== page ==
Disrupting networking

Posted By on May 3, 2017 in Columns | 0 comments

Networking is what we do so it is surprising that we have not written an article about it. So here goes – our explanation of the term and how we employ it.

A new definition of networking

Networking is a term used widely but with different meanings. The ambiguity is because it comprises two paradoxical elements, a “social” (fun) one, and a more serious “work” side, namely meeting people who are useful to you.

Networking is defined as meeting many people outside office hours, at cocktails and dinners.Like at all such gatherings, there is a random element. This is part of the charm, but also means wasted resources if you do not know who to meet, and cannot check the guest list first.

Anyway, when you finally meet the right person, at the right place and time, the question remains: why should s/he help you?

Some people, usually younger ones, enjoy the drinking and the genuine friends they make.

In the course of one’s career, networking becomes less fun. One has fixed one’s friends and drinking and eating lose their appeal. Domestic issues impose themselves.

Networking thus becomes less “social” and more “work”. However, a problem presents itself. Without the fun aspect to draw people in, it is hard to get a lot of people together.

The solution is often to join a group for more senior decision makers to get together, perhaps over breakfast and with some good content organized by a third party.

But this is not perfect. Large events are exciting, but what if your issue is sensitive and confidential? What if you don’t have the skill or the time to move around the room collecting name cards? What if you need information urgently? And how do you get the person whom you have just met to help you? Why should he help you after only just meeting you?

The Delphi Network professionalizes networking by providing on-demand, specific and reliable information to its members. We do the time-consuming event attendance (actually we put on our own events as well) so that the members don’t have to.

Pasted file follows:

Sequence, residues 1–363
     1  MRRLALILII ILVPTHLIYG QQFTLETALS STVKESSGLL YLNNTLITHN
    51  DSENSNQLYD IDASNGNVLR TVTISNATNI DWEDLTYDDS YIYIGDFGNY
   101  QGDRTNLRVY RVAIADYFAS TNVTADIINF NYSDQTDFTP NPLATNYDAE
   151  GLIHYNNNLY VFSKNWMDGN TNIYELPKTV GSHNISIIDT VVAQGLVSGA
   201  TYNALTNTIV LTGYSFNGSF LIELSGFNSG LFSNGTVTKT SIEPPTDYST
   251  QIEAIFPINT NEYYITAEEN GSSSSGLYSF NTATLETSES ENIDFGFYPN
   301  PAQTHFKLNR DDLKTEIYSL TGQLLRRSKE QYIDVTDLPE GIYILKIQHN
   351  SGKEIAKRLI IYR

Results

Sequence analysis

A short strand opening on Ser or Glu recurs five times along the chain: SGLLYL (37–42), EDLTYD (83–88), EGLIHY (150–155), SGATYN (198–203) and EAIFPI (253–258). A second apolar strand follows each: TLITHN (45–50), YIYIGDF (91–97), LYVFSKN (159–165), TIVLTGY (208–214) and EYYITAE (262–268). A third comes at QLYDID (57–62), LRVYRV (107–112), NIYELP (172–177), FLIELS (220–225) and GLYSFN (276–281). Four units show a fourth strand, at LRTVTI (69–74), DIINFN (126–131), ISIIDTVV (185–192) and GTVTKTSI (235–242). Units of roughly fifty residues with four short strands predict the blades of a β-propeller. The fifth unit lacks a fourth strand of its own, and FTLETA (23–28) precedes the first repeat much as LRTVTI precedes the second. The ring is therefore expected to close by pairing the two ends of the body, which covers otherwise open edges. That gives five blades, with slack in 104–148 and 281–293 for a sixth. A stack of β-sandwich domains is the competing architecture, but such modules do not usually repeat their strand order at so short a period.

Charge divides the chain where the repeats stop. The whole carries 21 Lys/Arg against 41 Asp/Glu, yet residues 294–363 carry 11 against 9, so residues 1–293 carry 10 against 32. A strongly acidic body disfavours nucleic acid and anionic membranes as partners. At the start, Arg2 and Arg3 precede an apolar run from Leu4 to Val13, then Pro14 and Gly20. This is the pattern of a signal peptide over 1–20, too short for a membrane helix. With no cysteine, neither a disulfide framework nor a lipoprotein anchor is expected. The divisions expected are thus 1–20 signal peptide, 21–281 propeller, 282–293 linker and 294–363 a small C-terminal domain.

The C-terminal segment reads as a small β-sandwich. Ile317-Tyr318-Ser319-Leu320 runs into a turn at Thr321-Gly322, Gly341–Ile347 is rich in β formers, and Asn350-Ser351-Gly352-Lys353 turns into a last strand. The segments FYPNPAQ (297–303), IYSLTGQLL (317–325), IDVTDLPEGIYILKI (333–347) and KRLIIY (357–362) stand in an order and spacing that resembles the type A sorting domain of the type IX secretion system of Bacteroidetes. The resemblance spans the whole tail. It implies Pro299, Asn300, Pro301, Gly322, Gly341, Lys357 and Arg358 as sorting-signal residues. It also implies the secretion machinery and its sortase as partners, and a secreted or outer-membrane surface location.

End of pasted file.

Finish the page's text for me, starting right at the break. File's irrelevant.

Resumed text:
Through our activities, we initiate and carefully maintain long-term relationships so that members can tap into them short-term.

We reassure our contacts that our members are “credit worthy” . You could say we provide a “credit guarantee” to accelerate the acceptance of our members by people with good information.

The credit guarantee is in practice an ethical guarantee. We believe ethics is directly related to information quality. Responsible, decent people tend to have more reliable information than unreliable and tricky people. This is why the DN is by invitation only and members can veto member candidates. (See the “triple lock”).

When a member needs someone to speak to, we go through our data-base and find the right persons. It might be a fellow DN member, who has a duty to meet and assist a fellow member (see our code of conduct).

If the source is not a DN member, we can still persuade him/her to share his insights because he knows we will help him/her back where possible. In addition, s/he knows that meeting our members is worthwhile, given the selection criteria for joining the DN.

In terms of what we are not: we do not believe in size or volume or the famous “network effect”. We believe in a bespoke, narrow and deep model, which is the best space for authentic conversations to take place.

We also believe that the best way of refining information is face-to-face question and answer, as made famous by Socrates. Such “Socratic dialogues” are characteristic of the DN.

It’s a unique and innovative model but seems to tick all the boxes. You should try it some time.

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